I had just spoken to a group of Christian women. The response had been wonderful, God’s presence evident. It was thrilling and humbling to know He had used my words to draw women closer to Himself.
One of those woman approached and asked which of my books I would recommend. We moved to the book table and chatted. She chose a devotional book and asked me to sign it. When she moved away, one of the leaders of the organization approached. I could tell she was not pleased. She explained that she’d been talking with another author who had applied to be a speaker for the group. “She told me someone had told her that our group was a good place to sell books.”
Her eyebrows arched. I knew she knew that “someone” was me. I was puzzled as to why the woman was upset until she said, “We’re in the business of bringing people to Christ, not selling books!” She marched off before I could respond.
I pondered her words, and my motives, as I drove home. Was I wrong to sell my books at these venues? I prayed about it and when I received an email from someone telling me how one of my books had helped her, I realized God had answered.
I realized, too, the leader of that group failed to see my books as an extension of the ministry God had given me.
This wasn’t a new experience. Even mentioning my books in a church sometimes met with disapproval. But I have seen how God has worked through the words in my writing. His calling on my life has been confirmed over and over again, often at times of discouragement, when I needed it most.
Perhaps the negative reaction of some Christians lurked in my subconscious when I contemplated launching an IndieGoGo campaign to help fund the illustrations for my children’s book, Merrigold’s Very Best Home. I was hesitant to do it and doubted that it would be successful but my publisher pushed me to give it a try.
When the campaign soared to the 50% mark in the first five days I was amazed, and deeply humbled by the generosity of the sponsors. But something still niggled. Wasn’t there something wrong with asking for money to do this? When two sizable donations arrived one morning, that niggle of guilt increased.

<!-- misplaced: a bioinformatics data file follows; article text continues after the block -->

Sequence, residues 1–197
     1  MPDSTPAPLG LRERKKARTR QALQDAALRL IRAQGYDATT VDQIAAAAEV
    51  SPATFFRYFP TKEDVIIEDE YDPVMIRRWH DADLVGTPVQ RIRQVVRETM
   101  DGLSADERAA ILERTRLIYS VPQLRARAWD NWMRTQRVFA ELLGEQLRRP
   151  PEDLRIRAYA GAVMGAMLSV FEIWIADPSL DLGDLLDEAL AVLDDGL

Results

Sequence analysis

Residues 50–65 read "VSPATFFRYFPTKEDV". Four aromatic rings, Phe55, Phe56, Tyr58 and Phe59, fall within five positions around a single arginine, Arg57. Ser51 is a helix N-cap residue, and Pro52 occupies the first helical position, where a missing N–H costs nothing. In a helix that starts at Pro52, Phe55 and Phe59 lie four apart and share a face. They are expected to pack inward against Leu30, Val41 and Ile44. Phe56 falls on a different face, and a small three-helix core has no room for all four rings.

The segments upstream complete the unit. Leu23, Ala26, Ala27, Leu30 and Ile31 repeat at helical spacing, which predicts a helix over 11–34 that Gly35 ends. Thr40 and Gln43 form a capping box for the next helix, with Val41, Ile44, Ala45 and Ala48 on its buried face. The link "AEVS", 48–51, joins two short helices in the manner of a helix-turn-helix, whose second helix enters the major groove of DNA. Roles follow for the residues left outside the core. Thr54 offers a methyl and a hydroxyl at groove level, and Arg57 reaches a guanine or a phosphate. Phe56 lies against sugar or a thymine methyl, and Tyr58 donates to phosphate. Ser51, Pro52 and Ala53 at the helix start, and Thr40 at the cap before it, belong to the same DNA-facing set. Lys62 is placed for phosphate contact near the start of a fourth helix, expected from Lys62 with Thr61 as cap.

I don’t think it was an accident that the email I received from Scripture Union Canada that same morning dealt with 1Chronicles 29:1-20. For several days previous, I’d been following the story of David’s desire to build the temple in Jerusalem, and was struck again by God’s provision. I found myself wishing I’d been there in those days, so that I too could give toward the building project David initiated and tasked his son Solomon to complete. On that particular morning, the words of the scripture struck me in a different way. David lists all that he has given to the project, then addresses the leaders of Israel and asks, “ … now, who is willing to consecrate themselves to the Lord today?” (1 Chronicles 29:5).
The next two verses hit me.
“Then the leaders of families, the officers of the tribes of Israel, the commanders of thousands and commanders of hundreds, and the officials in charge of the king’s work gave willingly. They gave toward the work on the temple of God …”
David asked the people to give because it was the Lord’s project, a part of the building of God’s kingdom on earth. They responded generously and with joy because they too realized it was a privilege to be able to do so.
David goes on in verse 14 – “But who am I, and who are my people, that we should be able to give as generously as this? Everything comes from you, and we have given you only what comes from your hand. … And now I have seen with joy how willingly your people who are here have given to you.”
I do not suggest that my tiny children’s book project is in any way comparable to the building of the temple in Jerusalem. But I know that it is a tiny thing that is God-ordained. It has been obvious that it is His will that this book be completed and I believe it is His will that others are given the opportunity to contribute to it. It may be a very tiny pebble in the grand scheme of the building of His kingdom, but God seems to think it needs to be there.
And so I pray, with David – “Lord, …keep these desires and thoughts in the hearts of your people forever, and keep their hearts loyal to you” (1Chronicles 29:18).
May we all continue to build His kingdom together, one tiny pebble at a time.